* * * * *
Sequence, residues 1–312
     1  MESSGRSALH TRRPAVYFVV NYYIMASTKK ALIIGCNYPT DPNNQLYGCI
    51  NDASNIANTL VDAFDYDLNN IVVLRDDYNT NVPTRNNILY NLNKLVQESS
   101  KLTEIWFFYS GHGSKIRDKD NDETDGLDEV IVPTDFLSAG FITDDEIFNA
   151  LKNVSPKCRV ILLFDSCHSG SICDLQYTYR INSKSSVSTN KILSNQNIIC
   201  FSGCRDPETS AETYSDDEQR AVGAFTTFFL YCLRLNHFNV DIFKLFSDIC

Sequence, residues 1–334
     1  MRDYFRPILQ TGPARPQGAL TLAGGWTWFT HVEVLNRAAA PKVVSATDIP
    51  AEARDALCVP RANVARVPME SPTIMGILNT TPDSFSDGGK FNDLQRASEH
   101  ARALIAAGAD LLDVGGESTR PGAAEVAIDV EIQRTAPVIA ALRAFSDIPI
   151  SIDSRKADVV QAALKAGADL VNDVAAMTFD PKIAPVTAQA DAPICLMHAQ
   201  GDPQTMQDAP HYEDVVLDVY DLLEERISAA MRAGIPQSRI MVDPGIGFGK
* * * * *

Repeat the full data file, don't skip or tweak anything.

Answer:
Sequence, residues 1–312
     1  MESSGRSALH TRRPAVYFVV NYYIMASTKK ALIIGCNYPT DPNNQLYGCI
    51  NDASNIANTL VDAFDYDLNN IVVLRDDYNT NVPTRNNILY NLNKLVQESS
   101  KLTEIWFFYS GHGSKIRDKD NDETDGLDEV IVPTDFLSAG FITDDEIFNA
   151  LKNVSPKCRV ILLFDSCHSG SICDLQYTYR INSKSSVSTN KILSNQNIIC
   201  FSGCRDPETS AETYSDDEQR AVGAFTTFFL YCLRLNHFNV DIFKLFSDIC

Sequence, residues 1–334
     1  MRDYFRPILQ TGPARPQGAL TLAGGWTWFT HVEVLNRAAA PKVVSATDIP
    51  AEARDALCVP RANVARVPME SPTIMGILNT TPDSFSDGGK FNDLQRASEH
   101  ARALIAAGAD LLDVGGESTR PGAAEVAIDV EIQRTAPVIA ALRAFSDIPI
   151  SIDSRKADVV QAALKAGADL VNDVAAMTFD PKIAPVTAQA DAPICLMHAQ
   201  GDPQTMQDAP HYEDVVLDVY DLLEERISAA MRAGIPQSRI MVDPGIGFGK